🎬 #1 Bogdanovich and Poitier, two greats, two great films 😊
FILM ONE: TO SIR, WITH LOVE
1967 James Clavell
I remember seeing this film when I was maybe 12 years old. It was on late at night probably on BBC2 and my Mum was watching it. I sat watching along with her, loving every second even though I had no idea about telling a story with a camera, the politics or social commentary. I just loved the main character and the simplicity of the story. My opinion of the film hasn't changed at all. Struck even then by the noble performance of Poitier, he was the best kind of teacher anyone could ever want, much like Williams' teacher in Weir's 'Dead Poet's Society.' The film is even more impressive now because it and the film below are great examples of the camera not getting in the way. Every choice the director makes is in service of the story. They're not just being fancy for fancies sake. The technique is invisible other than a great montage sequence set to the title track by Lulu, who also stars in the film. One of the reasons my Mum was probably watching it.
This film is a 'gentle story' as agent Martin Baum said, about a black teacher trying to do their best for a bunch of white kids no one cares about. Both sides falling in love with the other as the story unfolds. It's just one of the many Sidney Poitier performances that gives a film heart. I'm not one for sentimentality but this is a perfect film to light up a dark January night. Please don't tell anyone I said that.
TL;DR why should I spend 1 hr 45 minutes of my precious life watching this? Poitier stars in a wonderfully executed tale of acceptance as a reluctant but idealistic substitute teacher who wins over a class of outcasts that initially don't care about him. Leaves you feeling better about humanity and slightly in love with Poitier's teacher.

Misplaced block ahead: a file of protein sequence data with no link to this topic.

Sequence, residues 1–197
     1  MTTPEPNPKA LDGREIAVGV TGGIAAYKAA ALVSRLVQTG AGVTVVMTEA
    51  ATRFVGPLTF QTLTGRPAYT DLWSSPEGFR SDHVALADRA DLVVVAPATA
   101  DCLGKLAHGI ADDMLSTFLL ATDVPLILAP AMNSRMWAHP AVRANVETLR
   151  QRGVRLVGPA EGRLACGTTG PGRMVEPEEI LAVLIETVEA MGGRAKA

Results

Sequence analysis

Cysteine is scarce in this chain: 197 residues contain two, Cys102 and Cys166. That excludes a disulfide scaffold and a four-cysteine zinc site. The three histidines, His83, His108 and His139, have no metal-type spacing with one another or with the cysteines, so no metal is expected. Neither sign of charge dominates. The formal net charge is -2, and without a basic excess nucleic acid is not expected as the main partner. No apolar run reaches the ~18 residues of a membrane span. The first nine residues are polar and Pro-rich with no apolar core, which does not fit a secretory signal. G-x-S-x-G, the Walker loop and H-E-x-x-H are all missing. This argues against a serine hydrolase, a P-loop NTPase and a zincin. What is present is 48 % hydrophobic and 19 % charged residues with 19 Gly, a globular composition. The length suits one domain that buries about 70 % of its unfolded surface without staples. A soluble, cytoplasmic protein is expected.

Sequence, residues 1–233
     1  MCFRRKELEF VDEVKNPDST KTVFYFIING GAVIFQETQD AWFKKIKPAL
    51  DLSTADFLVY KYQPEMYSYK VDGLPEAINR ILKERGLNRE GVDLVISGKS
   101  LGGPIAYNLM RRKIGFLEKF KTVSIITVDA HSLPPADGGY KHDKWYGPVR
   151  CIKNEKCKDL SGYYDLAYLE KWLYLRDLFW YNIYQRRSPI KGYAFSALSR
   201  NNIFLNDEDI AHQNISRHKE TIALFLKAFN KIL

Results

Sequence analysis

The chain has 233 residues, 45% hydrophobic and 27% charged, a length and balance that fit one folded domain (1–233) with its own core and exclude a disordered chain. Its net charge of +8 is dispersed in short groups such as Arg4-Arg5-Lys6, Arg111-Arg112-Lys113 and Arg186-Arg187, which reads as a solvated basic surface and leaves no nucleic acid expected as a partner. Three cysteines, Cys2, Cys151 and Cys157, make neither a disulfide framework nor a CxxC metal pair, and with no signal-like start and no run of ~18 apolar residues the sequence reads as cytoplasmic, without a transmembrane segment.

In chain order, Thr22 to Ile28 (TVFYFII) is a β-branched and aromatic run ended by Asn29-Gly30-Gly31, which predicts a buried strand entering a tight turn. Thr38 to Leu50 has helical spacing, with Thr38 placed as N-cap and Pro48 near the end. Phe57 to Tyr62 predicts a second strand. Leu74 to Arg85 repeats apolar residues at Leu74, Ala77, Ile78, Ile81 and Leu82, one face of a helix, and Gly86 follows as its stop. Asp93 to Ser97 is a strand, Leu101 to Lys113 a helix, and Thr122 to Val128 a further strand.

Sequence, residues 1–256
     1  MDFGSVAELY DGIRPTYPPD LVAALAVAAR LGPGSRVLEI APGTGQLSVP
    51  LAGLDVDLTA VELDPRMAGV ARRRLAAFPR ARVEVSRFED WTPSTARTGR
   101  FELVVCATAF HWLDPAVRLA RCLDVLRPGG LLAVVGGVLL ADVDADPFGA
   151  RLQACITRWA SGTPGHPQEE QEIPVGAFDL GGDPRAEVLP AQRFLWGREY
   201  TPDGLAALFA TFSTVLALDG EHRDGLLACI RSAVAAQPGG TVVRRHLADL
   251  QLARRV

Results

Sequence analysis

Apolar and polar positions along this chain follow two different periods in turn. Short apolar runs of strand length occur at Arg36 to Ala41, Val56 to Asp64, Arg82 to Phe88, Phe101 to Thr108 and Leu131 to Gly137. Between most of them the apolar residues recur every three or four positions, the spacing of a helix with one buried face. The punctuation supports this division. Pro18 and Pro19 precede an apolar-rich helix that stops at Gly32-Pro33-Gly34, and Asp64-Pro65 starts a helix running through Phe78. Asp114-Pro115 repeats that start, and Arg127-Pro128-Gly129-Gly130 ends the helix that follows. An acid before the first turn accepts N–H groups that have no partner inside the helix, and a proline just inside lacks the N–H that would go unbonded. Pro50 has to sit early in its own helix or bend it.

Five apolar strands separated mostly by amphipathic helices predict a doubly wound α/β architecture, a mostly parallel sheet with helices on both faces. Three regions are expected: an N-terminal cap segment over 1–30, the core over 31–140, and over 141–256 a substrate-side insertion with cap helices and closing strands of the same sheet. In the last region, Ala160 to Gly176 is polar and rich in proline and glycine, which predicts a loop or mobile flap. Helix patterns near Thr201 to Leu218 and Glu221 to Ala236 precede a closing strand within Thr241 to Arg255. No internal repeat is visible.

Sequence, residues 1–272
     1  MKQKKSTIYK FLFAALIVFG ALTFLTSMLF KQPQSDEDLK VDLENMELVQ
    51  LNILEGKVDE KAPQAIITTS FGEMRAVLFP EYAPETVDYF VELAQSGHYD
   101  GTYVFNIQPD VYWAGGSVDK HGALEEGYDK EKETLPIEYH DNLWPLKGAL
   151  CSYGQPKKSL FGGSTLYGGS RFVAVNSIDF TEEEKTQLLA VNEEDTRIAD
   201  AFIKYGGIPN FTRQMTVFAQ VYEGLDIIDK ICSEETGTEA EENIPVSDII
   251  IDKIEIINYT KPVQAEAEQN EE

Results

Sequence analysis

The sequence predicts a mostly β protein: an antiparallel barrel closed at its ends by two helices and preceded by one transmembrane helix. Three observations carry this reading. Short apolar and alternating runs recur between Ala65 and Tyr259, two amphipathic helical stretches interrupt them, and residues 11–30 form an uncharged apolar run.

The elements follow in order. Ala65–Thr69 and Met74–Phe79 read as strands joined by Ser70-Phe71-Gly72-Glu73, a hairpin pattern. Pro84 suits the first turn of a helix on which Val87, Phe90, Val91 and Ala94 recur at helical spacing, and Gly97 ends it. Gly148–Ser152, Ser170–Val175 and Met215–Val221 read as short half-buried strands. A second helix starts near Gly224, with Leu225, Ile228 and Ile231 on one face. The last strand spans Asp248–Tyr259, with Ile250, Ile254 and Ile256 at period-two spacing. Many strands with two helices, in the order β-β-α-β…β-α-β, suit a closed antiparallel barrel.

*Available for a small rental fee on Youtube, Amazon, Google Play and Apple TV*
Fact: Peter Bogdonavich, the director of film two this week, who sadly also died earlier this month, directed a made for TV sequel - 'To Sir, With Love 2.’
FILM TWO: MASK
1985 Dir Peter Bogdanovich
Thematically linked both by their story of acceptance and their school setting is this great film. Some people might be shocked at the inclusion of such a sentimental choice, but to them I say where is your soul? Plus I don't think this is a sentimental film. So what's the story with this one? I was around the same age when I first saw it as the film above. I had discovered it randomly flicking through channels, I miss that with on demand. Based on a true story, I remember being taken by the plight of the main character, a kid trying to be accepted in school. I also remember thinking that it was the first time I'd ever seen a lead character with a facial deformity. Rocky Dennis, despite his genetic disorder and the pains it causes him, does his best to have a 'normal life.' Who wants one of those anyway?
It's a touching and similarly gentle film that shines through the simplicity of the story and the strength of the performances. Especially by Cher and Eric Stoltz. One of the scenes that I still think about today involves Rocky using physical touch to help explain colour to a blind student, a young Laura Dern [who looks uncannily like her proxy-daughter stand in, in Jurassic Park, played by Ariana Richards]. The film owes a lot to The Elephant Man, but that doesn't take anything away from a no bullshit story of hope and warmth handled perfectly by Bogdanovich.
TL;DR why should I spend exactly 2 hours of my precious life watching this?
Eric Stoltz stars as Rocky Dennis, a young teenager with a facial deformity fighting to have a normal life as a high school student, who becomes so much more. Cher is in a biker gang with Sam Elliot and it leaves you with an embiggened spirit. Inspired by Rocky's incredible attitude, you'll say to yourself in the mirror, 'maybe I can do better at life,' through misty eyes.
Not currently available via the traditional streamers,
if you get my drift. A VPN might come in helpful, but of
course I don't condone this type of behaviour.
Fact: László Kovács the DOP shot Ghostbusters 2 years previously.